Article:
Obviously, this is just a start area - some restrictions are inevitable. Finishing didn't unlock the mainland though, just a second island - Bitnikh. This was every bit as linear, only this time the questing time was spent investigating cultists and being saddened that the Bitnikh guards don't actually deliver pompous poetry while arresting evildoers. Both locations could have been from any MMO, with nothing much off the beaten track save some glowy blue crystals called Skyshards that can be collected for bonus skill points, and picking fights with some oddly badass little mudcrabs.
At no point was the action bad, just not what's always made The Elder Scrolls series compelling. It's the 'safe' approach to questing (even if the response to games like The Old Republic has made it rather less safe of late) but not an obvious fit for this series. Radiant AI and Skyrim's generated quests are primitive, but surely they offer a more appropriate base to develop and refine for on-demand adventuring than serving up a hundred-hour dollop of scripted, single-player focused content that doesn't mind if you bring a friend along.
Stock as the core questing is, though, at least other areas get into the freeform spirit. Crafting offers tweakable recipes, and all players can get side gigs at the Fighter and Mages Guilds to help them out against Tamriel's current threat. Sadly though, would-be Thieves and Dark Brotherhood assassins will have to wait until after launch for their guilds to open branch offices.
Character customisation is the most interesting element, being more ability than class based. You do have to pick a class, like Sorcerer or Templar, but that just locks in three of your skill lines - important ones, yes, but still just three of many. Sorcerers, for example, are blessed with Daedric Summoning, Storm Calling and Dark Magic to develop. Everyone, however, can sneak like a rogue, use any armour or weapons, and earn esoteric skill lines like Vampire.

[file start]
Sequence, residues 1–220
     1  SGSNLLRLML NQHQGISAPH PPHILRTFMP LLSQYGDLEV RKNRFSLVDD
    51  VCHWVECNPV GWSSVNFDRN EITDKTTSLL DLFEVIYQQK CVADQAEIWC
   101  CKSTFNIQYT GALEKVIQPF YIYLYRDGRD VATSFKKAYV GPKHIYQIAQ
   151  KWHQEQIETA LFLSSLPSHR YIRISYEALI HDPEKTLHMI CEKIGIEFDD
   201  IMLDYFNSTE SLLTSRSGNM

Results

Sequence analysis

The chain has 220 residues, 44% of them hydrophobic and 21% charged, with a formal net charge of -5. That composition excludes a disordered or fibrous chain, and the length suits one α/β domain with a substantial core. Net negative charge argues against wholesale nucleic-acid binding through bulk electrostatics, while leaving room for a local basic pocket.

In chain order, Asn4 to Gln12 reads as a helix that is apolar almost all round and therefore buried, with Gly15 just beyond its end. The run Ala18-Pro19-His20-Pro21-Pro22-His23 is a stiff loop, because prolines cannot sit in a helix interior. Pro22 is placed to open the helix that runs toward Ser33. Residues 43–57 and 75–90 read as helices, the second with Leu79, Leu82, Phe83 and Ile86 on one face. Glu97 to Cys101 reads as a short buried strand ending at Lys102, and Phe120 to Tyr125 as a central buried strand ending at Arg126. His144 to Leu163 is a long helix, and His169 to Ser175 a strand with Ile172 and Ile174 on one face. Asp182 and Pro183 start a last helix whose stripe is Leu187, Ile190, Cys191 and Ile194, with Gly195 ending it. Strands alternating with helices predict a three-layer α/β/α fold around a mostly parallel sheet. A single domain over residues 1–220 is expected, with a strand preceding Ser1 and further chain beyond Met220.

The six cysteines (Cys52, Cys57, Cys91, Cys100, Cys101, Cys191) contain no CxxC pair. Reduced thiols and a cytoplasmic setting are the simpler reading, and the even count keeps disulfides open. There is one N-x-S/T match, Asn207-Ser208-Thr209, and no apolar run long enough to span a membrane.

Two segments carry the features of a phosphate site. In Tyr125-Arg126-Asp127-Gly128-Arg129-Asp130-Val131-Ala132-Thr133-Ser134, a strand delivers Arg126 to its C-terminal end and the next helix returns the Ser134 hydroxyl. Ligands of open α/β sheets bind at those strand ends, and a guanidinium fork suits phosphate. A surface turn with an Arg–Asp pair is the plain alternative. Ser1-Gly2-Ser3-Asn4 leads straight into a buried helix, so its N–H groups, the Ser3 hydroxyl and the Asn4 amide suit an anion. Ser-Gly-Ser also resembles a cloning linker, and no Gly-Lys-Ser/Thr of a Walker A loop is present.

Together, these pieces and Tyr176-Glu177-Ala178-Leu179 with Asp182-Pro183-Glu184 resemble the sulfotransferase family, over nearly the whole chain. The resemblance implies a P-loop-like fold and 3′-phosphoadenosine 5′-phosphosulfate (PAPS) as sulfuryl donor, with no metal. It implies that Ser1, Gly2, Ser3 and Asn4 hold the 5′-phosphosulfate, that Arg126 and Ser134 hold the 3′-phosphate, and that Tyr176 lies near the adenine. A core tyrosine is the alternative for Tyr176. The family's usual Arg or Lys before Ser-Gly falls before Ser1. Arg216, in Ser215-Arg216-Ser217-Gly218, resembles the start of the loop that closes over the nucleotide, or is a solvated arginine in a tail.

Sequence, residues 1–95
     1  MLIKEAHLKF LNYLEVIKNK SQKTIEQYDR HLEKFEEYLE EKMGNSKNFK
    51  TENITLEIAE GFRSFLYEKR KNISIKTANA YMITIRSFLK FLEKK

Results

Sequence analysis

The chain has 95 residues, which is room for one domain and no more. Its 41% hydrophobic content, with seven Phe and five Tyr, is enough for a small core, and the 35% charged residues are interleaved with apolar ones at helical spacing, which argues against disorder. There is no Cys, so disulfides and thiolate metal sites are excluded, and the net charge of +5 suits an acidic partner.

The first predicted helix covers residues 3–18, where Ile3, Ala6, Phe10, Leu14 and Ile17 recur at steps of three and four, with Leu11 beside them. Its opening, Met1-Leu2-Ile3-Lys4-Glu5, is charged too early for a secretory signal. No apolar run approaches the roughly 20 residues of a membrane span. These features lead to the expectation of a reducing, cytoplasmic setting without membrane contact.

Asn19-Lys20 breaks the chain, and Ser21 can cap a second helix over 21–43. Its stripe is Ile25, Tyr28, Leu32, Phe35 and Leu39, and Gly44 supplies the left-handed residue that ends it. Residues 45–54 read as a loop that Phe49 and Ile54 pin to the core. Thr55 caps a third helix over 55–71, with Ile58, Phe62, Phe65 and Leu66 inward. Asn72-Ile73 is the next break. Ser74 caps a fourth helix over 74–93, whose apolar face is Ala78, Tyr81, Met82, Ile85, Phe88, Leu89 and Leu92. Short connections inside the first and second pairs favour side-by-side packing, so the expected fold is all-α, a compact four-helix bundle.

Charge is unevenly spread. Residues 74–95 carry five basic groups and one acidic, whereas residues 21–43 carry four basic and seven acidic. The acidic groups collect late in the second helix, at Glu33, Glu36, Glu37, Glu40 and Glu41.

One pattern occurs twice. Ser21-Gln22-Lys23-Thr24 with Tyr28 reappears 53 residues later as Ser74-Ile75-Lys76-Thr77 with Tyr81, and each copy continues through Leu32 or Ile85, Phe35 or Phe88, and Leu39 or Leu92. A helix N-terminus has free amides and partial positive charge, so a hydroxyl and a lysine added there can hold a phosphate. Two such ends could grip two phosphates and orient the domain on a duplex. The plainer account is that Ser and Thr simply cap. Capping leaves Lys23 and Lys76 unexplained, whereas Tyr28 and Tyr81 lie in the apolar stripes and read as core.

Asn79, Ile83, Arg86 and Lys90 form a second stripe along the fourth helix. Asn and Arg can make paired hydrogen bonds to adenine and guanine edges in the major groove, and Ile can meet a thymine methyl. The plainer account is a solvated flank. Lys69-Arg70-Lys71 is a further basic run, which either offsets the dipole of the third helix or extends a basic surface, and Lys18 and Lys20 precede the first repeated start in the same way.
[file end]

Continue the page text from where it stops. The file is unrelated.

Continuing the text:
All characters are split into three factions but share a personal story. In Elder Scrolls tradition, you start out as a prisoner. Raising the stakes a little, this time it's as a prisoner of Molag Bal, Daedric Prince of domination, who also acts as the main game's villain - scheming to give heroes quick soulectomies and ultimately pull the whole of Tamriel into his miserable but at least correctly spelled domain of Coldharbour. This is where the key personal story quests happen, with more general ones restricted to your faction's third of the map.